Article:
I wish I had had time to grab my camera and take some photos. I had never experienced anything like this before… Fire. In the mountains. At 10pm. 100m away from Tutdao and 50m away from Ot, one of ‘my’ elephants. Approaching quickly, burning everything.
If we didn’t manage to stop the fire, our elephants would burn. Our houses would be next.
Joy, Tutdao’s Mahout, turned 33 a couple of days ago. We had a big BBQ that night, with all sorts of food (e.g. Morrocon style pork, spicy noodle salad, fried vegetables) and beer & whiskey, of course. Everybody was having a good time when, suddenly, we got a call… FIRE! A farmer told us that it was dangerously close to one of our elephants; part of our land was already on fire and we had to make a move at once.
We immediately rushed to our pick-up truck, grabbing brooms and rakes as well as water bottles. Within 10 minutes, we reached the fire. Chaos broke out at once (perhaps because 60% of the people were already drunk). What needed to be done and who would be doing it? Where should we start? Then, everybody began to panic: Ot was chained to a tree, just 50m away from the fire. We had to move her immediately or she would burn – but we also needed to be extremely careful when approaching her, as she was obviously scared and thus dangerous to be around (elephants are wild animals after all…). Two Mahouts began to work on this problem and managed to ride her back to the camp where she would spend the rest of the night. The rest of us drove closer to the fire.
I never imagined that I would try to put out a forest fire one day. Especially with a broom.
Ten of us formed a line and began sweeping dirt into the fire and grass away from it. We tried to clear a 1m wide gap between the flames and dried grass that had not yet caught fire. Sweat was running down our bodies while we were silently working side by side. The most difficult task was to avoid spreading the fire. Sometimes, grass that had caught fire on one end would get stuck in my broom and set other grass on fire as I was sweeping it away.
It soon became clear that we would not be able to stop the fire by ourselves. It was too big. We needed a lot of water. We needed a fire truck.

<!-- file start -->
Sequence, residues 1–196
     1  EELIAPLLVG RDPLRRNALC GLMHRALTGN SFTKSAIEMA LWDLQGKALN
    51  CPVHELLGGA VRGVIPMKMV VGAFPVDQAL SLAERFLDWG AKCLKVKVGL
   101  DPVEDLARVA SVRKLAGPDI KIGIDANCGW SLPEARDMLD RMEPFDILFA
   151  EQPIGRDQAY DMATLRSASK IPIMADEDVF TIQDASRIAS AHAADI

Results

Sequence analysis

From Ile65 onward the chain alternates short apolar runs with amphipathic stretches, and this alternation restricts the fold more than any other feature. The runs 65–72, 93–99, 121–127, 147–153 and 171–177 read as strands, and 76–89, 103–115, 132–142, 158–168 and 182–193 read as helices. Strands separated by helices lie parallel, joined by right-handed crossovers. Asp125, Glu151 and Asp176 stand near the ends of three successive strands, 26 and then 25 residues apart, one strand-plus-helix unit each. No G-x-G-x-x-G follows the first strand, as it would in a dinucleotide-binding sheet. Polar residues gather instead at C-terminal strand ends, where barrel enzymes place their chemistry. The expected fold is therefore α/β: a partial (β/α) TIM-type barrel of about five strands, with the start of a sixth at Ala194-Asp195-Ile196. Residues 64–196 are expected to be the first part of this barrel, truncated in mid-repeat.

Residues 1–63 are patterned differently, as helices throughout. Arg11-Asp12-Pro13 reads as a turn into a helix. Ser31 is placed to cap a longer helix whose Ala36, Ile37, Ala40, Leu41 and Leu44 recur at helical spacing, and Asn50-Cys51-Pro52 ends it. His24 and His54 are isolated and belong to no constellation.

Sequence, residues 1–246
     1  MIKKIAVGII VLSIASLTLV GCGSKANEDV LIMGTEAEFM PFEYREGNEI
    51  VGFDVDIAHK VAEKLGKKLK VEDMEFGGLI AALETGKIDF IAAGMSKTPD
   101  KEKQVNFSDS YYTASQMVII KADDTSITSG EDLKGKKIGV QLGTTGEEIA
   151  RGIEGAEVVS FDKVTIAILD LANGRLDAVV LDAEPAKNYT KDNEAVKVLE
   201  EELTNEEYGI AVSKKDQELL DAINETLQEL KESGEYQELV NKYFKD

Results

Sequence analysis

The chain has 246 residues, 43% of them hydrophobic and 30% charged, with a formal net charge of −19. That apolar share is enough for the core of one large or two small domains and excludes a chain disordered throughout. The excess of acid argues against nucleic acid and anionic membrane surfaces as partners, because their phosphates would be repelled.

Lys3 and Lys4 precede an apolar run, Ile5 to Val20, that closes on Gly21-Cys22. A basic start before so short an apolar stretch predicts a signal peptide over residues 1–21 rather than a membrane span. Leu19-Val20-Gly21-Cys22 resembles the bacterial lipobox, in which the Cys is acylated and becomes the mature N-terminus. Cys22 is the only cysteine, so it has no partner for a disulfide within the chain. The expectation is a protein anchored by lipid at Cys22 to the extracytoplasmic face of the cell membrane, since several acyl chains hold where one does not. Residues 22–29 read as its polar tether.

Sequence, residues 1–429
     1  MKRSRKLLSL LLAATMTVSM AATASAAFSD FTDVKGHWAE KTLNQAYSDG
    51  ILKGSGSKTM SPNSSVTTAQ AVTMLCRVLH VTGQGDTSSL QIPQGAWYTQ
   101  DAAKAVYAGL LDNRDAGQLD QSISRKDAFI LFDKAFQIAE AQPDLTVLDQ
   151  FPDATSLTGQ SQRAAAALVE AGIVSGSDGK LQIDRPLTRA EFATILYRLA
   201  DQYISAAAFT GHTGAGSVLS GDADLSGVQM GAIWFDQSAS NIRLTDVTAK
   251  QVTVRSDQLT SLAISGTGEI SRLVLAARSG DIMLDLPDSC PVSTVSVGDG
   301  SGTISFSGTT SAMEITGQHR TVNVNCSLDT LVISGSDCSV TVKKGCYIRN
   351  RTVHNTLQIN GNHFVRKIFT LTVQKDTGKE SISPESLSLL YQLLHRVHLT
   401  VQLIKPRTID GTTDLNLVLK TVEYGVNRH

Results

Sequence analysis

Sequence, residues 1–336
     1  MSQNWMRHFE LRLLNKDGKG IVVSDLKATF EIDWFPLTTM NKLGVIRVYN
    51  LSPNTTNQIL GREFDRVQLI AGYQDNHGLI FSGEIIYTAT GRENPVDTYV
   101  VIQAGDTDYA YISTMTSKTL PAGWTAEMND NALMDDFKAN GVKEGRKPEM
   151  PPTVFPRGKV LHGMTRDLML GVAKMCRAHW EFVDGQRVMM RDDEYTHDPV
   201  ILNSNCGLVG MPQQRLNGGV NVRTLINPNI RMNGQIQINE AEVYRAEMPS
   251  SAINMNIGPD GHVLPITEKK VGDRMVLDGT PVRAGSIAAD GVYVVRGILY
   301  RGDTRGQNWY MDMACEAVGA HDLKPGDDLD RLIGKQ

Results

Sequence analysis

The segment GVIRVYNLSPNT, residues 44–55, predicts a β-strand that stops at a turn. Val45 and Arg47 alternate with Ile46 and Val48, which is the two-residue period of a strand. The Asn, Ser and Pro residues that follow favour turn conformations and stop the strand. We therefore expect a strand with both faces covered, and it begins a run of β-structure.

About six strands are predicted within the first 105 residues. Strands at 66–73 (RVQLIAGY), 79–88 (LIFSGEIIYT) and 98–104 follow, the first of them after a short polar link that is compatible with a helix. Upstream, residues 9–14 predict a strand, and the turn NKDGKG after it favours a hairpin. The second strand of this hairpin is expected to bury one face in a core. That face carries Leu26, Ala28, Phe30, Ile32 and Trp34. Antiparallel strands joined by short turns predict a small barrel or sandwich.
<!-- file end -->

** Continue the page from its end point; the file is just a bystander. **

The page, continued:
Luckily, one of the camp’s employees has a friend who owns a fire truck. As we were waiting for his arrival, we became more and more anxious. But when the truck finally appeared, our anxiety grew even bigger: the truck barely made it up the dirt road into the mountains. In addition, the firemen had been drinking just like us and seemed incapable of extinguishing the fire. In fact, they had much trouble with aiming the hose at the fire. They sprayed water on to almost everything, except for the flames… But eventually (and after a lot of shouting), they managed to get it right and we were able to catch our breath.
I then went to check on Tutdao with one of the Mahouts and found her standing with eyes wide open as far away from the fire as possible. She was obviously very frightened. I felt bad for her when I made my way back and left her standing alone in the dark. I had asked if we could move her further down to the camp but there was nowhere to put her down there…
Once the fire was under control and only a few tree stumps were left burning, everyone went back to the camp and the ‘party’ continued. It was more of a ‘I can’t believe this just happened’ atmosphere, however. I only stayed for a short while and soon went to bed completely exhausted, worrying about Tutdao throughout the night.
So, the end of cold season is here – dry season is just about to start. Over the next three months, fires will regularly threaten the elephant camp. I guess this was only the beginning of my firefighting career…